Zoetis Strengthens Its Commitment to Develop Sustainable Livestock Production in Sub-Saharan Africa
Updated: Nov 4, 2018
Zoetis Inc. (NYSE:ZTS), the largest global animal health company, announced it will receive a US$14.4 million grant from the Bill & Melinda Gates Foundation over the next three years to develop veterinary diagnostic networks and animal health infrastructure in Ethiopia, Nigeria and Uganda.
The grant will enable Zoetis to develop veterinary laboratory networks and outreach services to increase the availability of local veterinary medicines and services; implement sustainable disease diagnostics; and strengthen local veterinary expertise.
“We believe the combination of Zoetis’ leadership in animal health and experience in forging broad collaborations in emerging markets will allow us to accelerate the advancement of animal health in the region,” said Juan Ramón Alaix, Chief Executive Officer of Zoetis. “Access to medicines and technology will help farmers raise healthier animals and secure more sustainable revenue, which is critical to the economic development of the region and well-being of its population.”
As one of the most rapidly developing regions in the world, Sub-Saharan Africa is also home to some of the largest livestock populations in the world – and the highest density of impoverished livestock farmers.1 Livestock are an essential asset to rural communities and the health of livestock is critical to achieving food security in areas of exceptionally high animal and human disease incidence.
This program, funded by the foundation, will be called the African Livestock Productivity and Health Advancement (A.L.P.H.A.) initiative. Zoetis will collaborate with governmental authorities, local veterinary associations, national and international NGOs, farmer associations and the private sector to maximize its ability to positively impact the region. Over the course of three years, Zoetis will use the progress made and key learnings to work towards a longer-term sustainable business model and animal health infrastructure for livestock farmers in the region.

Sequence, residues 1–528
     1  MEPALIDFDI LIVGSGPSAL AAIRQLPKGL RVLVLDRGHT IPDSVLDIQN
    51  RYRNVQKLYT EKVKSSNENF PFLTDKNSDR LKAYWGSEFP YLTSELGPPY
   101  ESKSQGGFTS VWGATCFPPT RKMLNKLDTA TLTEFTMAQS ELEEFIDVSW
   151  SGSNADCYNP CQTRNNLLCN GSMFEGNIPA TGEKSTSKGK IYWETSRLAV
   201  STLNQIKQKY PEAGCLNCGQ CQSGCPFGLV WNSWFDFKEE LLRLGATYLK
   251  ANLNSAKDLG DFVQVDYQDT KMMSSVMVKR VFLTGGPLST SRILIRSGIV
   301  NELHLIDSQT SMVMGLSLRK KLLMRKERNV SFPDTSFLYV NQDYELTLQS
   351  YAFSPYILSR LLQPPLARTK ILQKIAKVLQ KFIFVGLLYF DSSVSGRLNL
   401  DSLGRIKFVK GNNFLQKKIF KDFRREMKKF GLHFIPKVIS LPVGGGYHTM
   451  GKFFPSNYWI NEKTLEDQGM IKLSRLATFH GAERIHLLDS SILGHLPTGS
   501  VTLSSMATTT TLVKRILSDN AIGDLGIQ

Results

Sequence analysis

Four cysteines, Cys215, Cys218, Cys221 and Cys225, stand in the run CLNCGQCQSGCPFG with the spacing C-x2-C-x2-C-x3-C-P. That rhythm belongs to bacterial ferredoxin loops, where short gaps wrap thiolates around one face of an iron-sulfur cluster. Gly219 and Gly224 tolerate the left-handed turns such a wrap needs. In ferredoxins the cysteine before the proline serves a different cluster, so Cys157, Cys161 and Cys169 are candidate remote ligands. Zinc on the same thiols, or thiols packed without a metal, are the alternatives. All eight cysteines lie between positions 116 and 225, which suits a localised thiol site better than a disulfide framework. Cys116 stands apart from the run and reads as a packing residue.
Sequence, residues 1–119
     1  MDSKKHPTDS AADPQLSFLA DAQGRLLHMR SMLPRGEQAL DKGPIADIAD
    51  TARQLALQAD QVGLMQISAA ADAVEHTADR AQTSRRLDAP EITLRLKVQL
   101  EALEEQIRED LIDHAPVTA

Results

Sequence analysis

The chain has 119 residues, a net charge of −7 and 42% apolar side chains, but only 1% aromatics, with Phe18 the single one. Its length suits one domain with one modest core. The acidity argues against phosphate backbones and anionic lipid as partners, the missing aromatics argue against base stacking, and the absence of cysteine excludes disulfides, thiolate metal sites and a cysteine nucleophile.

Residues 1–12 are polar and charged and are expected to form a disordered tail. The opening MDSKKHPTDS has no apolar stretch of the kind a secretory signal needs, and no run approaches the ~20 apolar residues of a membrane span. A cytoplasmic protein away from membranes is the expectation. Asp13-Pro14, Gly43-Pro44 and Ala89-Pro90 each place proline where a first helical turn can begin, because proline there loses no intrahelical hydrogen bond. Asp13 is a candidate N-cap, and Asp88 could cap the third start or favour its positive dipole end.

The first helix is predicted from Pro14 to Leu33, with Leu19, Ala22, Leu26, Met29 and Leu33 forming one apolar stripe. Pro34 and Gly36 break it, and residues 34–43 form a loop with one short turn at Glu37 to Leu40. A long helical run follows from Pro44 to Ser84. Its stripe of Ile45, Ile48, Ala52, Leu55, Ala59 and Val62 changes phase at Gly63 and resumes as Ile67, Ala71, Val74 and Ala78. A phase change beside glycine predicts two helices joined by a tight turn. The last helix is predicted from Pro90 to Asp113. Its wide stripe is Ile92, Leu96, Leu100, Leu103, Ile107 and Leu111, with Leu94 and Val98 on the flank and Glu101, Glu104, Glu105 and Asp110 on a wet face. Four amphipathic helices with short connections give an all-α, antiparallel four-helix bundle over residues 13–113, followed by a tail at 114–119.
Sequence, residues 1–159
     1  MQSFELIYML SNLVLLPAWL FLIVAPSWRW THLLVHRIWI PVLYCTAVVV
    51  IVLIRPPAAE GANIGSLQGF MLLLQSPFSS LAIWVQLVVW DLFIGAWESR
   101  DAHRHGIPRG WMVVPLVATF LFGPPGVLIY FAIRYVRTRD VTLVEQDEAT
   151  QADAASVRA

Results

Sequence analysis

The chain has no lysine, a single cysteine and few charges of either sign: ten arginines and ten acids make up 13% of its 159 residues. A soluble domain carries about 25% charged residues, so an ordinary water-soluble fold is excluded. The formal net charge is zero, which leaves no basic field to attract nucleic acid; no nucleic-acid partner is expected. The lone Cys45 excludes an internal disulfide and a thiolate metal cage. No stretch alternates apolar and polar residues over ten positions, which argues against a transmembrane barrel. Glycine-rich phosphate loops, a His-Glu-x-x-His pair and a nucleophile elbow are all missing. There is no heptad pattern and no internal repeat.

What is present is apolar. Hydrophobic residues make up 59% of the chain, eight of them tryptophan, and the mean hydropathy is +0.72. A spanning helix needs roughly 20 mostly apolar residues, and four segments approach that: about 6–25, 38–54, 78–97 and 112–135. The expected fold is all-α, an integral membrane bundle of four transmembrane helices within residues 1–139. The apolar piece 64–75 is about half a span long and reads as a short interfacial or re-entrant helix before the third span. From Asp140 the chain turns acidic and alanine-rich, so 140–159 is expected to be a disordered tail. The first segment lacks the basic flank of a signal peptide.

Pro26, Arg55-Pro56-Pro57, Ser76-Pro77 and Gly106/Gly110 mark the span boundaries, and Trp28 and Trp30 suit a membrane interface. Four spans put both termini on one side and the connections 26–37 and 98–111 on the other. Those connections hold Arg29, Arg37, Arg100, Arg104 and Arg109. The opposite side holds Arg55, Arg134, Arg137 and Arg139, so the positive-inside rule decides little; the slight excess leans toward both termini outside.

Zoetis is the leading animal health company, dedicated to supporting its customers and their businesses. Building on more than 60 years of experience in animal health, Zoetis discovers, develops, manufactures and markets veterinary vaccines and medicines, complemented by diagnostic products, genetic tests, biodevices and a range of services. Zoetis serves veterinarians, livestock producers and people who raise and care for farm and companion animals with sales of its products in more than 100 countries. In 2016, the company generated annual revenue of $4.9 billion with approximately 9,000 employees. For more information, visit the Zoetis website.
Forward-Looking Statements : This press release contains forward-looking statements, which reflect the current views of Zoetis with respect to business plans or prospects, future operating or financial performance, future business models, expectations regarding products or services, and other future events. These statements are not guarantees of future performance or actions. Forward-looking statements are subject to risks and uncertainties. If one or more of these risks or uncertainties materialize, or if management's underlying assumptions prove to be incorrect, actual results may differ materially from those contemplated by a forward-looking statement. Forward-looking statements speak only as of the date on which they are made. Zoetis expressly disclaims any obligation to update or revise any forward-looking statement, whether as a result of new information, future events or otherwise. A further list and description of risks, uncertainties and other matters can be found in our Annual Report on Form 10-K for the fiscal year ended December 31, 2016, including in the sections thereof captioned “Forward-Looking Statements and Factors That May Affect Future Results” and “Item 1A. Risk Factors,” in our Quarterly Reports on Form 10-Q and in our Current Reports on Form 8-K.
1. ILRI, 2012. Mapping of poverty and likely zoonoses hotspots. [Online] Available at: https://www.ilri.org/node/1244 [Accessed 26th April 2017]